Durango has a stretch of water recognized by the state of Colorado as premium trout habitat. Beginning at the Lightner Creek confluence behind the Doubletree Hotel and flowing through the city to Home Depot and under the Rivera Crossing Bridge, the Gold Medal section of river sustains huge rainbow and brown trout.

These waters have special regulations to ensure the trout stay trophy-sized. Fly-fishers casting in this stretch may only keep two fish, and only if they are more than 16 inches in length. Ems said that in this section, catching a fish that large is actually fairly common.

Ems said he probably wouldn’t eat a fish caught in the Animas River, though he said he felt that way even before the spill. He cited a long history of mining in the area, as well as his personal knowledge of the river, as his reasons.

But, Ems added, the state of Colorado assures anglers they can safely eat fish from the Animas.

While fishing, Ems recommends using imitation midges, mayflies, or streamers —long slender flies that mimic small fish. He also suggests casting an imitation sculpin, a type of suckerfish that lives in the Animas that other fish like to eat.

If you travel from New Mexico to wet your line in Colorado, you don’t have to wake up especially early. In the fall, fly-fishing on the Animas can be best from about 10 a.m. to 2 p.m., Ems said.

If you stay closer to home, the New Mexico stretch of the Animas River runs through Aztec and feeds Aztec Pond, Tiger Park Pond and eventually, Farmington Lake. The New Mexico Department of Game and Fish regularly stocks rainbow trout in these waters. According to the department’s latest stocking report, about 350 10-inch fish were stocked in Aztec Pond on Oct. 7.

On the San Juan River below Navajo Lake —an area spared by the wastewater from the mines spill —fly-fishing is typically good with midges.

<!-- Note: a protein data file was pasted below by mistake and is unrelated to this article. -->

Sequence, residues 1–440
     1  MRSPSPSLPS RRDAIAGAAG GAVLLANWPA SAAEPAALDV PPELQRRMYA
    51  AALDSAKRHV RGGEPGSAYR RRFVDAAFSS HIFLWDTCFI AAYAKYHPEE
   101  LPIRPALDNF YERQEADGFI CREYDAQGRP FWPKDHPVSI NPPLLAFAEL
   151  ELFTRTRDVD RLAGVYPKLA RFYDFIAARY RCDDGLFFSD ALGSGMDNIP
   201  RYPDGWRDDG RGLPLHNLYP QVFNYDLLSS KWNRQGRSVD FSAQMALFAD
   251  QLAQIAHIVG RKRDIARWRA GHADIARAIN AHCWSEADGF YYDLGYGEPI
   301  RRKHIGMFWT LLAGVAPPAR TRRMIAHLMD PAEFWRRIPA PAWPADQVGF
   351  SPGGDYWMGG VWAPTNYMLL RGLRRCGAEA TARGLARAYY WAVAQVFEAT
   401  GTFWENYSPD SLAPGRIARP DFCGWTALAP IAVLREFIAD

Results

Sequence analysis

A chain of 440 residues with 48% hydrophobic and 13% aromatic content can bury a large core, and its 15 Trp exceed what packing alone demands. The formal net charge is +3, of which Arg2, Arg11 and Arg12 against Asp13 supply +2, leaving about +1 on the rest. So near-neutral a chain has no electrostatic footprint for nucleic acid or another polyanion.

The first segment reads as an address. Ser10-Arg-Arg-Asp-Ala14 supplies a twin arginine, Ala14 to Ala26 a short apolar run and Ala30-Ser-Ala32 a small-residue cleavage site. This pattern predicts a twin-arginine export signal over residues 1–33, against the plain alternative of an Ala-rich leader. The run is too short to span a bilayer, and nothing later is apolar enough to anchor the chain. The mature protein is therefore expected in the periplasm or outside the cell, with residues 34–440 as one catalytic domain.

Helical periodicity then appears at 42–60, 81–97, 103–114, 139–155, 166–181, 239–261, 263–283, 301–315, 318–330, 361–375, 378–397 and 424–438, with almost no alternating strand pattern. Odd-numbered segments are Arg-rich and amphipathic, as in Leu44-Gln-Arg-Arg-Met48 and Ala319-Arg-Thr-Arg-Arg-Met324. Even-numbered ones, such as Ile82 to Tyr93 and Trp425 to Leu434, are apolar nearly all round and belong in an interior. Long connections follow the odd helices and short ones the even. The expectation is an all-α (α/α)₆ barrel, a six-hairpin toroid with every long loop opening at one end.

Recently, anglers fishing in the tail waters of the dam reported to the state department that they used the flies, Griffith’s gnats, scintillas, parachute Adams, zebra midges and Wooly Buggers. Below the Quality Waters section where anglers can use bait, nearly 2,500 10-inch rainbow trout were released Oct. 7, according to a stocking report.

Downstream, below the Animas confluence, the river is home to several federally endangered fishes: the Colorado pikeminnow, the razorback sucker and the bluehead sucker.

Roundtail chub and flannelmouth sucker are also found in the river, along with catfish. Although this section isn’t known for fishing, the rare fish make it a unique waterway to visit.

Daily Times reporter Hannah Grover contributed to this story.

Rachel Shockley is a freelancer writer who covers the outdoors for The Daily Times.

More Info

Anglers can purchase New Mexico fishing licenses at onlinesales.wildlife.state.nm.us, at a participating license vendors or by calling the New Mexico Department of Game and Fish at 1-888-248-6866.

Duranglers Flies and Supplies, 923 Main Ave., sells fishing licenses and fishing gear in downtown Durango. Go to duranglers.com or call 970-385-4081.